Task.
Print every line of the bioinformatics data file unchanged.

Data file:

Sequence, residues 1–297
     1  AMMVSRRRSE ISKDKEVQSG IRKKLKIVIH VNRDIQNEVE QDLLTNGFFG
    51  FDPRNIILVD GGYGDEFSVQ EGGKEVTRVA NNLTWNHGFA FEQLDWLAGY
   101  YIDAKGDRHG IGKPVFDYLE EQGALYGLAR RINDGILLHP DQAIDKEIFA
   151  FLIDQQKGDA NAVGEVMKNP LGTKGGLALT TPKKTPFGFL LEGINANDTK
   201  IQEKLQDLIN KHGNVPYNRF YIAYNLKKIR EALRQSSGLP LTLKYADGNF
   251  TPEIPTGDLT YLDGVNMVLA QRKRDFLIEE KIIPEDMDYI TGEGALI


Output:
Sequence, residues 1–297
     1  AMMVSRRRSE ISKDKEVQSG IRKKLKIVIH VNRDIQNEVE QDLLTNGFFG
    51  FDPRNIILVD GGYGDEFSVQ EGGKEVTRVA NNLTWNHGFA FEQLDWLAGY
   101  YIDAKGDRHG IGKPVFDYLE EQGALYGLAR RINDGILLHP DQAIDKEIFA
   151  FLIDQQKGDA NAVGEVMKNP LGTKGGLALT TPKKTPFGFL LEGINANDTK
   201  IQEKLQDLIN KHGNVPYNRF YIAYNLKKIR EALRQSSGLP LTLKYADGNF
   251  TPEIPTGDLT YLDGVNMVLA QRKRDFLIEE KIIPEDMDYI TGEGALI